There seems to be a lot of misunderstanding about the need for this.

StableDiffusion

Are 24-hour daycares a good idea?

Millions of American parents utilize daycare centers while they work. Since most people work during the day, most daycare center hours fall somewhere between 7:30am and 5:30pm. It's rare to find a daycare that's open after normal working hours.

But one "24-hour" daycare in Houston captured people's attention—and sparked a debate—when a mom posted about it on TikTok.

Adventure Kids Playcare in Houston isn't actually open 24 hours a day but it does offer childcare up to 10:00pm during the week and until midnight on Friday and Saturday nights. In the video, the mom drops her daughter off and we hear the employee tell her they close at midnight. The mom later says she picked her daughter up at 11:55pm.

Reactions to the video rand the gamut from "24-hour daycares are a brilliant idea for parents who work odd shifts" to "Moms shouldn't be leaving their kids at a daycare late at night just so they can go out," sparking a fascinating and eye-opening discussion.

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The title of dad or father is a sweet and respectful way to acknowledge a child's special bond with their male parent. It signifies love and respect and shows appreciation for his role in their life. But the title works both ways. The term dad reminds fathers of the responsibility to guide and protect their kids.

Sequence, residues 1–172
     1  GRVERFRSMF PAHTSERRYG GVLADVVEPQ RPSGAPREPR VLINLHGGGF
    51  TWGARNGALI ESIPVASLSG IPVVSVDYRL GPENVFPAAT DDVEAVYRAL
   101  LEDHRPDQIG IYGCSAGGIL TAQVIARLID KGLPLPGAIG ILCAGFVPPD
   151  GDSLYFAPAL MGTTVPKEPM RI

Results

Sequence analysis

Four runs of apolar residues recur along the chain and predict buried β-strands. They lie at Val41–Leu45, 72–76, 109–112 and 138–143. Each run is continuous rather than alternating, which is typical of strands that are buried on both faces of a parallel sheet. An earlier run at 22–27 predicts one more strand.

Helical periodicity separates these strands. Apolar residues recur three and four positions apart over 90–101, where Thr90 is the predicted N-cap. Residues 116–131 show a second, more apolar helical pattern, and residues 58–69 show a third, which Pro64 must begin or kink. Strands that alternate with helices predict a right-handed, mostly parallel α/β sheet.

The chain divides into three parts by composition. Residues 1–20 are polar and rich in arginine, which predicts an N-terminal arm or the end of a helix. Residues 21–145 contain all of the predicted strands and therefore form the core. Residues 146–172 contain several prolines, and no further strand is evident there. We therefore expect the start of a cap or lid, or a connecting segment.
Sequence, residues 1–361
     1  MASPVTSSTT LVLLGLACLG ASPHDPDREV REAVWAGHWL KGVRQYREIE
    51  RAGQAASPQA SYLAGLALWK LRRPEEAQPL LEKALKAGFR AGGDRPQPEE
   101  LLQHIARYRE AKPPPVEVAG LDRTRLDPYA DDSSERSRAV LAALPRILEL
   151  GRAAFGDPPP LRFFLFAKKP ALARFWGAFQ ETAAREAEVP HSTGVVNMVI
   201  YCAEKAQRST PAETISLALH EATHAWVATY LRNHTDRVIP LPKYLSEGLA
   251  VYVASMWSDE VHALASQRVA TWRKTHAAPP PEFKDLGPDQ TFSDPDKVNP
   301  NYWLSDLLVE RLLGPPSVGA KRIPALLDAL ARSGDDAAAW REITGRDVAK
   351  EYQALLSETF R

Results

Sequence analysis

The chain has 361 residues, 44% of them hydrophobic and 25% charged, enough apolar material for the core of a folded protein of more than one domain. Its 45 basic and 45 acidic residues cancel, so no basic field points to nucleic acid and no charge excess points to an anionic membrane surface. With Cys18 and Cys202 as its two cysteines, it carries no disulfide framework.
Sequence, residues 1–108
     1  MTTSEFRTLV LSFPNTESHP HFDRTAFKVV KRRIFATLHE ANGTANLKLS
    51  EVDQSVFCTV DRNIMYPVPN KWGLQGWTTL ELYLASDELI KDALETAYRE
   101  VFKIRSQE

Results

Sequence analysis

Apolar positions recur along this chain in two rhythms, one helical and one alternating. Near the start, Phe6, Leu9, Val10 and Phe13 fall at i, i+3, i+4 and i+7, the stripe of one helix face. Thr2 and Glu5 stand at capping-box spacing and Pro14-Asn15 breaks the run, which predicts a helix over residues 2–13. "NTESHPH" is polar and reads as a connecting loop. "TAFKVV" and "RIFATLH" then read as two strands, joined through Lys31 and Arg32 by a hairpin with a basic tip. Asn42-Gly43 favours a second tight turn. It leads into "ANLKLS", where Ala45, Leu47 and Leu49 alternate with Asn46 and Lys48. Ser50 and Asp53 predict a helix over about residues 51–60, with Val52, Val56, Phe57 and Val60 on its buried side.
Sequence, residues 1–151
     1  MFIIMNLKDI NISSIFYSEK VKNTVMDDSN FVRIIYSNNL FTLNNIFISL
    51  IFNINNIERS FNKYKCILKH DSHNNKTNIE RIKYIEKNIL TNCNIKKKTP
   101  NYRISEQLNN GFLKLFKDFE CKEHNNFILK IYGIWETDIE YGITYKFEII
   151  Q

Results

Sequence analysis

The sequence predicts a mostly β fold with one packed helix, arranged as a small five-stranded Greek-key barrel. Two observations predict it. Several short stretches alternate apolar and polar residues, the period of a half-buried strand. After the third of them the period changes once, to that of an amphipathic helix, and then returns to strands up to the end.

The importance of the unique role dads play in their kids’ lives is why a father named Steve was upset with his wife for repeatedly using his first name when referring to him with their preteen children.

The father vented about the situation and asked if he was wrong in a Reddit post with over 10,000 responses.

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Slaughter's wife seems to be holding the phone so you can clearly see what appears to be a painting of Slaughter, who is sitting at the other end of the table in front of an easel. The text overlay on the video says, "husband and wife paint portraits of each other (gone wrong). But what could possibly be wrong, sure his wife's attempt isn't art gallery ready just yet but it's not bad.

Based on the critiques the man had of his wife's painting, surely his looks much closer to professional level work. Right?...Right?